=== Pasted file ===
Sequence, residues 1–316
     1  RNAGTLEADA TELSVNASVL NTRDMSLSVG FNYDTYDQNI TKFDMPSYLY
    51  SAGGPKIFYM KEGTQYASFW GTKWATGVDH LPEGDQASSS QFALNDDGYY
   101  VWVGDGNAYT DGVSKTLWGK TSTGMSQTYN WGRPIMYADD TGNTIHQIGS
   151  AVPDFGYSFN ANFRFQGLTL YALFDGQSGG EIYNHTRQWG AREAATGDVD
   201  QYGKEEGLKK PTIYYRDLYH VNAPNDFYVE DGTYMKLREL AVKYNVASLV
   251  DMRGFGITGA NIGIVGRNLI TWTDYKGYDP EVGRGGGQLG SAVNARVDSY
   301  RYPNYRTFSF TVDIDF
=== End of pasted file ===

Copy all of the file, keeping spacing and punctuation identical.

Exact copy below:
Sequence, residues 1–316
     1  RNAGTLEADA TELSVNASVL NTRDMSLSVG FNYDTYDQNI TKFDMPSYLY
    51  SAGGPKIFYM KEGTQYASFW GTKWATGVDH LPEGDQASSS QFALNDDGYY
   101  VWVGDGNAYT DGVSKTLWGK TSTGMSQTYN WGRPIMYADD TGNTIHQIGS
   151  AVPDFGYSFN ANFRFQGLTL YALFDGQSGG EIYNHTRQWG AREAATGDVD
   201  QYGKEEGLKK PTIYYRDLYH VNAPNDFYVE DGTYMKLREL AVKYNVASLV
   251  DMRGFGITGA NIGIVGRNLI TWTDYKGYDP EVGRGGGQLG SAVNARVDSY
   301  RYPNYRTFSF TVDIDF